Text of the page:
*Requirements.*The final grade will be determined on the basis of (a) class participation (10%), (b) a short paper (3-5 pages) to be presented during one of the three discussion sessions (30%); (c) a final paper (60%).

*Readings.*All required readings are collected in a packet available in the Psychology Department Library, 409 Schermerhorn Hall. See Syllabus for details.

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**History of Logic: From De Morgan to Frege (G4451)**(co-taught with Souleymane Bachir Diagne)

*General Description.*The roots of logic may be traced to Aristotle, who systematized and codified the subject in a way that was not significantly surpassed for over two millennia. Logic was revived in the mid-nineteenth century, at the beginning of a revolutionary period when the subject developed into a rigorous discipline whose exemplar was the exact method of proof used in mathematics. The development of so-called “symbolic” or “mathematical” logic during this period is the most significant in the two-thousand-year history of logic, and is arguably one of the most important and remarkable events in human intellectual history. The aim of this course is to provide a critical reconstruction of such a development along with an assessment of its philosophical significance. After some general background devoted to the history of the subject from Aristotle to Leibniz and beyond, the course will focus on the work of such logicians as Augustus De Morgan, George Boole, William Jevons, John Venn, and Ernst Schröder, which may be seen collectively as setting the stage for the definitive step in the revolution that resulted in logic as we know it today—Gottlob Frege’s*Begriffsschrift*.

*Prerequisites.*One term of formal logic (V3411/G4415,*Symbolic Logic*, or G4801,*Mathematical Logic*).

*Text.*All readings, primary and supplemental, will be made available in electronic form through*CourseWorks*. See Syllabus for details.**Philosophy of Language (W4481)**

*General Description.*This course aims to provide an introduction to some major topics and issues in contemporary philosophy of language. Most of these center around the notion of meaning: What are the ingredients of meaning? How does the meaning of an expression contribute to the meaning of a sentence containing it? What is involved in understanding the meaning of what is said? What form should be taken by a theory of meaning for a specific language?

The first part (weeks 2-5) will focus especially on the interplay between*meaning and reference*. This will take us through the work of the early authors (Mill, Frege, Russell, Carnap) up to the recent debate on the causal theory of reference (Donnellan, Kripke, Putnam). The second part (weeks 7-10) will focus on the interplay between*meaning and truth*and will cover such topics as the indeterminacy of translation (Quine), the nature of interpretation, holism, realism and antirealism (Dummett). These are topics that lie at the core of the programmes of such authors as Tarski, Quine, Davidson, and Dummett. Finally, in the third part (weeks 11-13), we shall consider some aspects of the interplay between*meaning and use*, focusing on the theory of speech acts (Austin, Grice, Searle) and the nature of linguistic rules and conventions (Wittgenstein, Chomsky, Lewis).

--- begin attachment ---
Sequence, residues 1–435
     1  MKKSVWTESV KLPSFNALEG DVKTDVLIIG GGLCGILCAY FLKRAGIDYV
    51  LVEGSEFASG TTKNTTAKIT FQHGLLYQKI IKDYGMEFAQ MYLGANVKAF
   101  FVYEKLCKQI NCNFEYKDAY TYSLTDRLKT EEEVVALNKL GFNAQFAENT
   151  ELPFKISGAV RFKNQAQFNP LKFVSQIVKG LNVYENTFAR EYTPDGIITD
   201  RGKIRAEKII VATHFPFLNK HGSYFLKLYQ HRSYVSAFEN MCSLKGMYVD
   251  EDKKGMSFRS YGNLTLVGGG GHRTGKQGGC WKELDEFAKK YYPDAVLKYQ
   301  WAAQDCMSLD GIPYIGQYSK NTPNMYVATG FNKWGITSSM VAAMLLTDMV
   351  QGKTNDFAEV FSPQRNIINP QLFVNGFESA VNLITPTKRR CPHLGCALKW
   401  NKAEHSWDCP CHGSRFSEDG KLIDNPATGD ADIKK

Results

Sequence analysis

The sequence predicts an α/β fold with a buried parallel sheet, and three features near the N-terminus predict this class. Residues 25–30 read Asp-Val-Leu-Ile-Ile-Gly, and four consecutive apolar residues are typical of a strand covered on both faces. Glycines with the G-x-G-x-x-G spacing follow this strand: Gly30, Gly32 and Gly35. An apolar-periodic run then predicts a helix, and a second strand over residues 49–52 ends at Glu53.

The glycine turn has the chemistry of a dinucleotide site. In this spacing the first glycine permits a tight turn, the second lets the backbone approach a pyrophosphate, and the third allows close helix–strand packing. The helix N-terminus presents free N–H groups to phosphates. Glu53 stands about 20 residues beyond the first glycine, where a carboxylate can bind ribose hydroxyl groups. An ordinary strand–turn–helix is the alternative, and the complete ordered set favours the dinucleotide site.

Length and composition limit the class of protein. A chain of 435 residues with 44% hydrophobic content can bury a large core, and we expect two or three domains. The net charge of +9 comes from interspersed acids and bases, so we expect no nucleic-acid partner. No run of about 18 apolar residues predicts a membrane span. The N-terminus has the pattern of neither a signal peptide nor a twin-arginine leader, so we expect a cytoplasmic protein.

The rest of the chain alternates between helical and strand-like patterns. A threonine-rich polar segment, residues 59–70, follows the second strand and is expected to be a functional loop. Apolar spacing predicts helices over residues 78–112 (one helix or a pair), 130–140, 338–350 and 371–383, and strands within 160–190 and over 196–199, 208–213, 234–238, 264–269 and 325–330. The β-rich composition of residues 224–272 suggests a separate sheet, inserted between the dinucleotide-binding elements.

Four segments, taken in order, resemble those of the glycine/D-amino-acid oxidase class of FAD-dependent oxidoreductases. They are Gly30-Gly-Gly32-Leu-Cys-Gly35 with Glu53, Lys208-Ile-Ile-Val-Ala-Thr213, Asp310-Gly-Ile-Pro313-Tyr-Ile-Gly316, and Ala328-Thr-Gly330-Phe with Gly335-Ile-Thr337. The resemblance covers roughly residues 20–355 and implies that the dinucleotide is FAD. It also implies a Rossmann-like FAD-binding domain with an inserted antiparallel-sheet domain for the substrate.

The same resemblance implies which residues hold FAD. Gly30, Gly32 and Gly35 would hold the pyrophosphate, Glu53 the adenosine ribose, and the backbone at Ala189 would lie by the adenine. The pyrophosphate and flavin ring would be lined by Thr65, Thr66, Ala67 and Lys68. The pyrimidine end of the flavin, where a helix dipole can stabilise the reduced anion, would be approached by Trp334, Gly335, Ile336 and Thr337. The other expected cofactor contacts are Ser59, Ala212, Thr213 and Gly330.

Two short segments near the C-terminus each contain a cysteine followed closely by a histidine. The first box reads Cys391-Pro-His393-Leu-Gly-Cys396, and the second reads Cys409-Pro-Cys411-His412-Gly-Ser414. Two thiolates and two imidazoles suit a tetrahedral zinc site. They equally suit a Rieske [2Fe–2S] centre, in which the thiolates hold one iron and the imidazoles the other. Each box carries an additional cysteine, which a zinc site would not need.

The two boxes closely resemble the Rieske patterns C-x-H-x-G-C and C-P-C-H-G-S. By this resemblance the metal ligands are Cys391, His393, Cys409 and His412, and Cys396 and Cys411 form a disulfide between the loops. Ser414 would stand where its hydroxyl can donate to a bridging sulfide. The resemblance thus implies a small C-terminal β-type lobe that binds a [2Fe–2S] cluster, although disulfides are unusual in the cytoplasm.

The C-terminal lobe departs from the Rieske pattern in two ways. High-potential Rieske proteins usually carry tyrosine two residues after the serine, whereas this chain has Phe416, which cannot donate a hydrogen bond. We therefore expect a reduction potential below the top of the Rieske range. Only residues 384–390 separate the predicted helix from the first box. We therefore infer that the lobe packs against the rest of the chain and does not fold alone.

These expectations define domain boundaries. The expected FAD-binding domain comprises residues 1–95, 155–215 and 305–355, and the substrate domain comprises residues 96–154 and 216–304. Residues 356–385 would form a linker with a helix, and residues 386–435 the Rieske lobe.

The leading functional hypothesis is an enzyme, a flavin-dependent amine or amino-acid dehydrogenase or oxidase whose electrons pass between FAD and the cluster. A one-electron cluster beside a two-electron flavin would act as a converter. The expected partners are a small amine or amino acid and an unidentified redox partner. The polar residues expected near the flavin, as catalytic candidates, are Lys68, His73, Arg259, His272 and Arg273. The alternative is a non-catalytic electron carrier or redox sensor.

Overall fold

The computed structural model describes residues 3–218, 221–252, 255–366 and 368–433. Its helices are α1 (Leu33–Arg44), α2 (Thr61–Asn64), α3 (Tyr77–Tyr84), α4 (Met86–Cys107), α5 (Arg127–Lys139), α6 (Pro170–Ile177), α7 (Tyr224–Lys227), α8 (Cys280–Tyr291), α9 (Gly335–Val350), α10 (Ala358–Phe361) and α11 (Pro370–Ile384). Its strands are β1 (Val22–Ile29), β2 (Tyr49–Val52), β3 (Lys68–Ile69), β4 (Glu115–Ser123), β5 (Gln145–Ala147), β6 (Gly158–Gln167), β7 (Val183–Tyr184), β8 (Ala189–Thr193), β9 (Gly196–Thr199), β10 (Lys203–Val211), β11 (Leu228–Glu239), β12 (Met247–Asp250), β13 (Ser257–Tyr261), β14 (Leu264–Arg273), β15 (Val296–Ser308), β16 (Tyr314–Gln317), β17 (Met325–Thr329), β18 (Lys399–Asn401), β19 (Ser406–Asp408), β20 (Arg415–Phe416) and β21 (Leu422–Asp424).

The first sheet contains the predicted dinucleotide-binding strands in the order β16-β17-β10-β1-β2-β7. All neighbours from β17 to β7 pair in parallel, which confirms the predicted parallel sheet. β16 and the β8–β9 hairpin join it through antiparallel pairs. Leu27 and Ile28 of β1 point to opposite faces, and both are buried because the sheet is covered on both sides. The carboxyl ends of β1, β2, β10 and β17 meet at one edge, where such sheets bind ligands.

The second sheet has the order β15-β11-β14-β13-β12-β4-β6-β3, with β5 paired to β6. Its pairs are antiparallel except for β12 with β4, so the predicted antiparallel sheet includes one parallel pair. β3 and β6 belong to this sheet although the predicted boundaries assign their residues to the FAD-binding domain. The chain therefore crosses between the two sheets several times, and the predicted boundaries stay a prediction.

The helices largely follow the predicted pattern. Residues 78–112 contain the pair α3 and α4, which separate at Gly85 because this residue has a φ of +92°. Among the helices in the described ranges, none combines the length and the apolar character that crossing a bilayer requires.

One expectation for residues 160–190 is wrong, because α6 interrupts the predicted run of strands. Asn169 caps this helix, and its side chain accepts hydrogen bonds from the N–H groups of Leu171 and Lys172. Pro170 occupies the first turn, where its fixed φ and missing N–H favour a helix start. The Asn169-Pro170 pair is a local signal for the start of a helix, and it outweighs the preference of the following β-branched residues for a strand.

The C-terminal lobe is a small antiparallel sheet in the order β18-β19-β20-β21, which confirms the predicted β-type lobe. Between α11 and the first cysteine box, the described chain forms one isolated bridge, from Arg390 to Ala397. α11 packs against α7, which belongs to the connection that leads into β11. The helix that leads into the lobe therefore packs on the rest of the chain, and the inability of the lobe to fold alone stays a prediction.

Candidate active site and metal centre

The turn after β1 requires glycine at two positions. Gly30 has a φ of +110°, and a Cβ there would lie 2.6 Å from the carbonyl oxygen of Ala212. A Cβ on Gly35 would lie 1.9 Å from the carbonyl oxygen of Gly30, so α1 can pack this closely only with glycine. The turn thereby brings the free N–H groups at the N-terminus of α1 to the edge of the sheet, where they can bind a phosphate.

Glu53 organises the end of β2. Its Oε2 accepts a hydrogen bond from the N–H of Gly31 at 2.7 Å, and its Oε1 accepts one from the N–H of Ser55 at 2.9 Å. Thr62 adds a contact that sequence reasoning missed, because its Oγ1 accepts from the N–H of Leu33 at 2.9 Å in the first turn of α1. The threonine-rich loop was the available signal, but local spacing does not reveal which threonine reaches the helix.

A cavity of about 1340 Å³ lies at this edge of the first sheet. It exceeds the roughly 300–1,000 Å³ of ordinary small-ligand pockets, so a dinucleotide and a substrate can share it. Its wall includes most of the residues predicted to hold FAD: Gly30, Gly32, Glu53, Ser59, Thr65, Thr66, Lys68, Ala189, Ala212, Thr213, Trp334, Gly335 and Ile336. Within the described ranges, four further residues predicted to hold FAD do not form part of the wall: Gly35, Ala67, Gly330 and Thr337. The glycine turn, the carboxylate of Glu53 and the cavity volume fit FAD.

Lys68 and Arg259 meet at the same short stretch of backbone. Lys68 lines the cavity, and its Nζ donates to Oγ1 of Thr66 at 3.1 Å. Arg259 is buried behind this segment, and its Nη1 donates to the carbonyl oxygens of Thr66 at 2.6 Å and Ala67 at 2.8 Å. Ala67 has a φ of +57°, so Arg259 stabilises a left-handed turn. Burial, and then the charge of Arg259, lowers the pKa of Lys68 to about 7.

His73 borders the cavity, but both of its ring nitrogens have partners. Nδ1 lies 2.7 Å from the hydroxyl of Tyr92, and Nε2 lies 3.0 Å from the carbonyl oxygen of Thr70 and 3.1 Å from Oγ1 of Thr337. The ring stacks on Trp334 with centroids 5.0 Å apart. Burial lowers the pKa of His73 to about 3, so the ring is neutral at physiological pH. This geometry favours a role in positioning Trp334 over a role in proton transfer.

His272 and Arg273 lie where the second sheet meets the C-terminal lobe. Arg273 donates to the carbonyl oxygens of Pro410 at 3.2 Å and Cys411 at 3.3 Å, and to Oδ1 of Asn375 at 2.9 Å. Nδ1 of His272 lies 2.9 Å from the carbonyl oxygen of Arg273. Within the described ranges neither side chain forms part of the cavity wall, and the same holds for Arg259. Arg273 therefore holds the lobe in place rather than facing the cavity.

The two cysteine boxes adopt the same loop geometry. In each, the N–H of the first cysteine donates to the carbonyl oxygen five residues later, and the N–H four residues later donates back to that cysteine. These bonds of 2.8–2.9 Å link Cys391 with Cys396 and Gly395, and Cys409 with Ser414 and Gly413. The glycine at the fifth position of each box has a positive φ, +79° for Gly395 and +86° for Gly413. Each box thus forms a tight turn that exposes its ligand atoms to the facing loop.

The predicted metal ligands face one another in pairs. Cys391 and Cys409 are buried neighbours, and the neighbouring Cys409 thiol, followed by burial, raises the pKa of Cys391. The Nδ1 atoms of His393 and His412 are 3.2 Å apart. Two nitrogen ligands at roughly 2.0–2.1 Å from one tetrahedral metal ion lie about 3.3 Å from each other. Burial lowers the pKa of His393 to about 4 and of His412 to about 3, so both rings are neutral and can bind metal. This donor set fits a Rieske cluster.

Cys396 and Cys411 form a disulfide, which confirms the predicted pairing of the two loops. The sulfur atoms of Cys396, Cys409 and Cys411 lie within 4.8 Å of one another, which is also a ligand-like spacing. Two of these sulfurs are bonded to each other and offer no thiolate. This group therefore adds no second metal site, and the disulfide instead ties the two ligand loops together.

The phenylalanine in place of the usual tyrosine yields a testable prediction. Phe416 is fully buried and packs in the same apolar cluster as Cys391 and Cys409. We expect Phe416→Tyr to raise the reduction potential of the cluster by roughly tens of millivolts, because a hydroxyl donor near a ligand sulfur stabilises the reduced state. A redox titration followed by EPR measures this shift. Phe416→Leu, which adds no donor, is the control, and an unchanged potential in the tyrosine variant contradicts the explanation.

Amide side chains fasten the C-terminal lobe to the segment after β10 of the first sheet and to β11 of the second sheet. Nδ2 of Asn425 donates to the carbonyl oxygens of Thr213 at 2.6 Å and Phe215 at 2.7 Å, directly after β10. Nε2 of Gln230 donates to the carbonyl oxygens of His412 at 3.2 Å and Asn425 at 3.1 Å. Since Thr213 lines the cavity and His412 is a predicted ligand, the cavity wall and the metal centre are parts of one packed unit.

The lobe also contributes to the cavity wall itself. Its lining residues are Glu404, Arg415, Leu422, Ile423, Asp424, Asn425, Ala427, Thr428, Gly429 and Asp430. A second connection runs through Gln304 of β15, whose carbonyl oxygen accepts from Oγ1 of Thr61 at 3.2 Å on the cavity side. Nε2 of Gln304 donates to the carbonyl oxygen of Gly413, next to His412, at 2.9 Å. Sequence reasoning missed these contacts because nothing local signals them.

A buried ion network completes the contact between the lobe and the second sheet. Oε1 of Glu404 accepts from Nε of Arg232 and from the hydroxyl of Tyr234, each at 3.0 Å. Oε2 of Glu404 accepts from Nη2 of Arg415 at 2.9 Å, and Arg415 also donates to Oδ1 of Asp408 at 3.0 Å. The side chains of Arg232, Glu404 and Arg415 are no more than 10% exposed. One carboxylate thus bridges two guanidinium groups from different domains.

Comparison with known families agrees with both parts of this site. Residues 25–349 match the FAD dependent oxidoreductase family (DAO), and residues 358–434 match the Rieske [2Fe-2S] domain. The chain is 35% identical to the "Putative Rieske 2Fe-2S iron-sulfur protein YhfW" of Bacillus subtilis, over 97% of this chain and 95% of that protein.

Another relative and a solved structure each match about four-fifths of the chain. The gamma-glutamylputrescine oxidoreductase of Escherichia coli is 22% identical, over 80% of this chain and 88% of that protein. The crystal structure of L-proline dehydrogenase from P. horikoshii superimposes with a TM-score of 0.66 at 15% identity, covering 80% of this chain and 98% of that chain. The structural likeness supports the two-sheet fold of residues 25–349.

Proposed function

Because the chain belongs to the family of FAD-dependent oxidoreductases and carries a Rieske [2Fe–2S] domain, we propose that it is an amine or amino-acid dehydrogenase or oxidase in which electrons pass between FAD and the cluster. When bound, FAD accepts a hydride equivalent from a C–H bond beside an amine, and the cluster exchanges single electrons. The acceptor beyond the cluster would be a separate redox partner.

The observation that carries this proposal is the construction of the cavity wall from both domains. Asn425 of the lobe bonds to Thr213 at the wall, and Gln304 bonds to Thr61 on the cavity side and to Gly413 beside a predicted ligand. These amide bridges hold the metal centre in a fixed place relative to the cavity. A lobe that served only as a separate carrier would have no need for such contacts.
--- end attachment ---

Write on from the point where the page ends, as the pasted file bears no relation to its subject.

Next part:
*Prerequisites.*This is an introductory course and presupposes no previous acquaintance with the field. It is not, however, an elementary course, since some of the topics are difficult and the issues reach far and deep into other areas of philosophy, such as logic, the philosophy of mind, epistemology, metaphysics. Familiarity with some of these areas will be of help.

*Text.*Most of the required readings are available in A. P. Martinich’s anthology,*The Philosophy of Language*(Third Edition, Oxford University Press, 1996). The other required readings are collected in a packet that can be bought at the Philosophy Department. See Syllabus for details.**Symbolic Logic (G4415)**

See below,*Symbolic Logic*(V3411/G4415)

**Set Theory (W4431)**

*General Description.*Set theory is the foundation of mathematics: all mathematical concepts can be characterized in terms of the primitive notions of set and membership. (Some would go as far as saying that*all*rigorous concepts—whether belonging to mathematics or to other disciplines—should be so characterizable.) But set theory is also a branch of mathematics, with its own subject matter, basic results, open problems. The aim of this course is to give a general introduction to both aspects, with an eye for the unifying philosophical issues that lie behind them.

The first part focuses on the question of providing an axiomatic formulation of set theory. The specific axiom system to be examined is a version of ZAC, Zermelo set theory with the Axiom of Choice, eventually supplemented with Fraenkel’s Axiom of Replacement (ZFAC). In the second part, the strength of theory is tested and applied: topics covered include the natural numbers, well-ordered sets, transfinite induction and recursion, fixed point theorems, infinite cardinal and ordinal arithmetic. The final part of the course is devoted to questions of consistency and relative independence. Natural models of various set-theoretic principles are studied and, if time permits, compared some non-standard set universes, including Aczel’s "antifounded universe".

*Prerequisites.*One term of formal logic (V3411/G4415,*Symbolic Logic*, or G4801,*Mathematical Logic*) and a willingness to master technicalities and to work at a certain level of abstraction.

*Text.*The text for this course is Y. N. Moschovakis’s*Notes on Set Theory*(Springer-Verlag, 1994). See Syllabus for details.**Modal Logic (G4424)**